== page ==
Around the time of Christ, this difference caused a huge rift between Rabbanite and Karaite Jews. But these days, many Jews have not even heard of Shavuot. In such times, wouldn't it be wise to broaden our horizons a little and welcome the Karaites into the greater Jewish community... even if they celebrate Shavuot a little later in the week?
The thriving Karaite community in
I am reminded of a mishna every Jew should know:
Beth Shammai permit the [rival wives] to the surviving brothers, and Beth Hillel prohibit them... Though these forbade what the others permitted, and these regarded as ineligible what the others declared eligible, Beth Shammai nevertheless did not refrain from marrying women from Beth Hillel, nor did Beth Hillel refrain from marrying women from Beth Shammai. [Similarly...] neither of them abstained from using the utensils of the others for the preparation of food that was ritually clean. (Y'vamot 1:4)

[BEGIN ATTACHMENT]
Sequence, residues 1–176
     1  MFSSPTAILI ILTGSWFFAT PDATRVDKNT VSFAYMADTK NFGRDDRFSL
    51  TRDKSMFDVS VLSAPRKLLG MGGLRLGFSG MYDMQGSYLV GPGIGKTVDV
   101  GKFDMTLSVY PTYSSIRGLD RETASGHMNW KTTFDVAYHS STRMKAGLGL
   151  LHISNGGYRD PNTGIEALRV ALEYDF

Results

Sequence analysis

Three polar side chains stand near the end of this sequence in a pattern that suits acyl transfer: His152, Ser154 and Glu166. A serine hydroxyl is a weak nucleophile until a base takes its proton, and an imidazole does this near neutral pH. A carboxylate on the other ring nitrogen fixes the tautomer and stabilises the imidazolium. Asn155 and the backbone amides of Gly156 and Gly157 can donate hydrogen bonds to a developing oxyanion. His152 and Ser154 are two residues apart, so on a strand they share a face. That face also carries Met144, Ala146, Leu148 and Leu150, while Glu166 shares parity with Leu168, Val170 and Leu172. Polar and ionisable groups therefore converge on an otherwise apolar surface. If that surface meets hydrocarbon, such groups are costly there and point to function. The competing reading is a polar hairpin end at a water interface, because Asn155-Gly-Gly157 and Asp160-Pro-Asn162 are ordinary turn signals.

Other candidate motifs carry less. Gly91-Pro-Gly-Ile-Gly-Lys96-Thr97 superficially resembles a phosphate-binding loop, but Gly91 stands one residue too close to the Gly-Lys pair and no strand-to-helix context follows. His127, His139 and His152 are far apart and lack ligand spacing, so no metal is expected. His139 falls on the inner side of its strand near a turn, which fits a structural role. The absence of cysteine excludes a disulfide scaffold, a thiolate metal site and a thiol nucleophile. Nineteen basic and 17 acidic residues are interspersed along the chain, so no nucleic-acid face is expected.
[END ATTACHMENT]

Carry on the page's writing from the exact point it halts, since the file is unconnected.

*The intricacies of the debate are far too boring to go into here. All interested parties should start with Leviticus 23:9-21 and Joshua 5:11. The interested Rabbanite should proceed to the Babylonian Talmud (Menahot 65a-66aa); the interested Karaite to the Korner. The Modern Orthodox movement has prompted much more in-depth learning of Hebrew Bible, and this has re-opened a very interesting debate about literal (p'shat) vs. exegetical (d'rash) understanding of the Torah. Historically, a chasm has developed between Orthodox Jews and the Karaites and Samaritans. Perhaps this newfound appreciation of "p'shat" will lead back to a reunification of sorts.